Tuesday, June 3, 2014

Make Your Own Herb Flavored Oil, Butter & Vinegar

I harvested my first crop of spring chives which is quickly followed by a flurry of kitchen activity making compound butters, flavored oil & vinegar and drying chopped chives.   The compound butter in particular makes a fun gift for foodies, it's easy to make, and comes in handy for quick / delicious meal preparation.  Below I've captured my thoughts on using fresh herbs in this way featuring chive blossom vinegar.
Spring Chive harvest - Using all parts to make Compound
butter and flavored vinegar

Compound or Herbal Butters

A great method for using fresh herbs is to make them into flavored butter. 

I've tried two techniques - 

1) blend the herbs in a small amount of olive oil and then add that mixture to the softened butter. This approach makes a very smooth and homogeneous compound butter. Depending on how much oil you use it can change the consistency to more of a spread.  In the photo below the mixture in the white bowl is the olive oil-herb blend. 
2) just blend the chopped herbs into softened butter. I like mine more rustic with large herbs so I usually use this technique.




Here's the basic proportions and steps for herb compound butter: 
- Mince 1 part herbs (one type, or a blend) 
- Mix herbs into 2 parts of softened butter
- Shape into a log, or put in serving bowls 
- Wrap in wax paper and then again in plastic wrap
- Chill and/or freeze. 
- Cut off slices of herb-flavored compound butter as needed 

Making the logs with the blended butter - that can be tricky, but don't worry, it will taste great no matter how it's shaped!



Shaping up home-made, fresh herb compound butter 


Here are some of my favorite combinations: 

  • Italian: 4 T butter, 2 T Parmesan cheese, 1 T chives, 1 T parsley, pepper to taste
  • Garlic: 4 T butter, 2 cloves garlic, 3 T chives
  • Citrus-spice: 
            -  4 T butter, 2 T chives, 1 tsp lime juice, 1/2 tsp lime peel, to taste salt, cayenne
            -   4 T butter, 2 T chives,  tsp grated lemon peel (or orange)
  • Flaming: 4 T butter, 1 T paprika, 1 jalapeƱo , 1 T each chives & cilantro
  • Steak butter: 

       -    4 T butter, 1 T blue cheese (to taste), 2 T chives, salt/pepper to taste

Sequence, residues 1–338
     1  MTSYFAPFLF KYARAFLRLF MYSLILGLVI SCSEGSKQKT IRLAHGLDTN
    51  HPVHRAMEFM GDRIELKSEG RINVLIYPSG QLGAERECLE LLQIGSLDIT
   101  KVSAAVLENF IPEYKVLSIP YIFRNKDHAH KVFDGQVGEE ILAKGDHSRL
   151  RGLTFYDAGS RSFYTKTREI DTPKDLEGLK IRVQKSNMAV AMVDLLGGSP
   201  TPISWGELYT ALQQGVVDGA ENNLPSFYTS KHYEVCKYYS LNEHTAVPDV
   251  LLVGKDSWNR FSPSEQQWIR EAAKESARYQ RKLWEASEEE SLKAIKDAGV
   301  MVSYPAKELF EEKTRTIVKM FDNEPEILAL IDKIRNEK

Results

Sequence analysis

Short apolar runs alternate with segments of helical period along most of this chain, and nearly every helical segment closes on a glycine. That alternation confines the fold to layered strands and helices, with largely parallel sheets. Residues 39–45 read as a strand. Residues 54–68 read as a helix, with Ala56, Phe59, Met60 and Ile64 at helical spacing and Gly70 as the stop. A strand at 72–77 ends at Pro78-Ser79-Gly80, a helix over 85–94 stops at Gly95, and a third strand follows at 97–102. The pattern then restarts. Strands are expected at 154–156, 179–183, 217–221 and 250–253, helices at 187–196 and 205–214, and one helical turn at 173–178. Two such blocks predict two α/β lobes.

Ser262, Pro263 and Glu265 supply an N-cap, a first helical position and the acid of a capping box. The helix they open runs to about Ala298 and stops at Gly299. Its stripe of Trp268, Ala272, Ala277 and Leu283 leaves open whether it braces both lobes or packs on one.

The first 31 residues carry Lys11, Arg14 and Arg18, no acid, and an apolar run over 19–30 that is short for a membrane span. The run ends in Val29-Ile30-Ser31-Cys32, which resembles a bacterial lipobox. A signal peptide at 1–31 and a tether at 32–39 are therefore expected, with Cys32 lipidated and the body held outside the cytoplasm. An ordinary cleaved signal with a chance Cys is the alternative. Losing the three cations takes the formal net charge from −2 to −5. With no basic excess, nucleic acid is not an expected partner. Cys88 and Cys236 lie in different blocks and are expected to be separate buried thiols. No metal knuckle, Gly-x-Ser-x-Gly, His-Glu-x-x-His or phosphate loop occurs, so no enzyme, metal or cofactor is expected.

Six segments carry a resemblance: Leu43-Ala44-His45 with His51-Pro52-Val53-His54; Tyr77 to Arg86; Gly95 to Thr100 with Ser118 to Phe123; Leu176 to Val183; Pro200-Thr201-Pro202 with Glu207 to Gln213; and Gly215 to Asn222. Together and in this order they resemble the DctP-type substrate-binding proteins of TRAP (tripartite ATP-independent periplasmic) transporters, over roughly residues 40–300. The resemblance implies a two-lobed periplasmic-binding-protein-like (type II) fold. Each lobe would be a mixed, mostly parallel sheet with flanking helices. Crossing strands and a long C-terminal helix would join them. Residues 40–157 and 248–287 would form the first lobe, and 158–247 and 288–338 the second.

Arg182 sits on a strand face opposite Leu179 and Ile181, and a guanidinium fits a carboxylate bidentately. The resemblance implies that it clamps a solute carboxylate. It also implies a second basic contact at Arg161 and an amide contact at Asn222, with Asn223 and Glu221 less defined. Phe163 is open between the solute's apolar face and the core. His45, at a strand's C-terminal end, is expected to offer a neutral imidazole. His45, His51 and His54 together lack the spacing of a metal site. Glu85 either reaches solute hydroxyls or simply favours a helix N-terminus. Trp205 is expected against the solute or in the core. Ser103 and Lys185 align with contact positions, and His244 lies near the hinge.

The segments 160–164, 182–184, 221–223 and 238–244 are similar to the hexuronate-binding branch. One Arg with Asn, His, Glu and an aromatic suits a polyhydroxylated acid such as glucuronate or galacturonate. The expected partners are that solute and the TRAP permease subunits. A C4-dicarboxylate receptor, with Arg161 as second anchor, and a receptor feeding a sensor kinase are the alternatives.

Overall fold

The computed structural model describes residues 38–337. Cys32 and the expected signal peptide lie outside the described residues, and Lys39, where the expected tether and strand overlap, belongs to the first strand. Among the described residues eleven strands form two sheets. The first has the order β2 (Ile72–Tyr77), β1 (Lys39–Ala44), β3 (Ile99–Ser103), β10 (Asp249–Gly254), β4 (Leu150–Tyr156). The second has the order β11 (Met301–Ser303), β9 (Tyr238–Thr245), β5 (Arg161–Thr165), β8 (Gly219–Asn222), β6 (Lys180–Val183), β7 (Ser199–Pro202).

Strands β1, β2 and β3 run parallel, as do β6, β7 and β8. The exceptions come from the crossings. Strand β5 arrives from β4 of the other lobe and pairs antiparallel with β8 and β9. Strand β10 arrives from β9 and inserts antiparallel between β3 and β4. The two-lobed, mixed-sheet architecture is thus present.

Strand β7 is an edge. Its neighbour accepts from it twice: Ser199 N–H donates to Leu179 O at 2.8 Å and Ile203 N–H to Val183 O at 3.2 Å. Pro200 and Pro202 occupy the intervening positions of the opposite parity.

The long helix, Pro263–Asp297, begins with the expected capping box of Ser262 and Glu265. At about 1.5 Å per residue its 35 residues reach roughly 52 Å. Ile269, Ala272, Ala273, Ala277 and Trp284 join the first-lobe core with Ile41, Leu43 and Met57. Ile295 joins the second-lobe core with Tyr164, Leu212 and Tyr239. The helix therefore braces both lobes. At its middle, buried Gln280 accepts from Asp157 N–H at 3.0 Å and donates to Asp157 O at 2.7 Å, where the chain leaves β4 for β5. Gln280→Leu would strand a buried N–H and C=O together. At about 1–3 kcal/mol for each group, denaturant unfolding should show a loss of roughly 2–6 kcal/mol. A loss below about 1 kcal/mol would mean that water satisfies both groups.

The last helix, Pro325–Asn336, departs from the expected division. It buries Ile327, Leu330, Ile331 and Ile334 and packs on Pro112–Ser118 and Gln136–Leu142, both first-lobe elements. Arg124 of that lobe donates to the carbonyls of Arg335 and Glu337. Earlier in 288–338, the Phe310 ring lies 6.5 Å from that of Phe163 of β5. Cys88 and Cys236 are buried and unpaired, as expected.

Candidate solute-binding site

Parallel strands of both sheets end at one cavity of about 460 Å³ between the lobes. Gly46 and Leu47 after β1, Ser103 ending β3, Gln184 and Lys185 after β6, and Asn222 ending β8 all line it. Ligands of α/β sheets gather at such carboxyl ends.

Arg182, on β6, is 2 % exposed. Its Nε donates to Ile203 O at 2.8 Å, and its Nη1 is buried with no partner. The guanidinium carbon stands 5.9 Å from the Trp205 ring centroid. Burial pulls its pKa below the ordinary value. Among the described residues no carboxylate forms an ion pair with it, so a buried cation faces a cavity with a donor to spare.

-    4 T butter, 1T parsley, 1 T chives, 1 tsp lemon juice (steak butter)


Herb-Flavored Vinegar
Herb-flavored vinegar is a delicious surprise. I like to place in glass bottles and cork stoppers - but to make them up I just use Tupperware - so easy! All you need in white vinegar and fresh herbs.  You can use wine vinegar, apple cider vinegar and others especially for strong herb flavors and combinations like rosemary and tarragon.  The vinegar may also extract color from the herbs so you may end up with pink vinegar, like the chive vinegar shown below :) 

Here are the simple steps:
1) Wash and pat dry fresh herbs. Inspect so that you use only leaves and stems that are undamaged with wilt, spots, or decay.
2) Slide the whole leaves or herb sprigs into the empty bottles or Tupperware. A pair of chopsticks or small wooden skewer helps if the opening is narrow. 
3) Next add larger items such as peeled garlic cloves or small peppers 
4) A good ratio is about ½ cup of herbs/flavorings per 2 cups of vinegar, or more if you want a very concentrated flavor. 
5) Fill the bottles with vinegar and firmly seal it. 
6) Come back the next day and top off with more vinegar. The dry herbs will absorb some. 
7) Store in a cool, dark place. 
8) You can use it the next day but the flavor will build over time. They will easily keep for four to six weeks. I often strain the vinegar, removing the herbs, and place into an antique cruet. If you leave the herbs in the the vinegar eventually the liquid level will fall below the herbs - then remove the vinegar to another bottle and discard the herbs. 
8) To store vinegar longer, melt some wax and dip the corked end of the bottle into the wax to coat the top ¼ inch of the glass and the exposed cork. Let the wax harden, and repeat several times to build up a good coating. 
Home-made Chive Vinegar

So today, not wanting to waste any part of my chives, I made Chive Vinegar.  This is exceptional on fresh cucumbers and tomatoes - and in vinaigrette. Here's the recipe:

  • Rinse chives with water and pat dry. 
  • Remove some of the blossoms from the stems and put into the Tupperware or other seal-able container
  • A few blossoms with stems is OK - you don't have to be precise
  • Fill container with white wine vinegar and seal. 
  • Add more vinegar in 8-10 hours. 
  • The blossoms turn the vinegar pink and the vinegar will have a subtle garlic flavor.
  • Next day - strain out the flowers and place vinegar into glass containers, seal.
  • Keep the fresh pink vinegar out of direct sunlight or it will fade - but the flavor remains.
  • This will last about 3 months.
Herb-Flavored Oils 
I have blogged before about making flavored oils the process is largely the same. Before placing herbs or garlic or peppers into oil they must be completely dried.   I add about 2-4 tablespoons of crushed dried herbs to 2 cups of oil.   I tend to strain the oil after the flavors have matured, but some folks like the look of herb stems in the glass.  Store herb-flavored oils in the refrigerator and use them within a few weeks. If the oil becomes overly cloudy you should discard it it could be botulism bacteria in the plant material. 
You may find that you want or need even more herbs! of so check out these other blog posts that might be of interest.

Enjoy!

Teresa Marie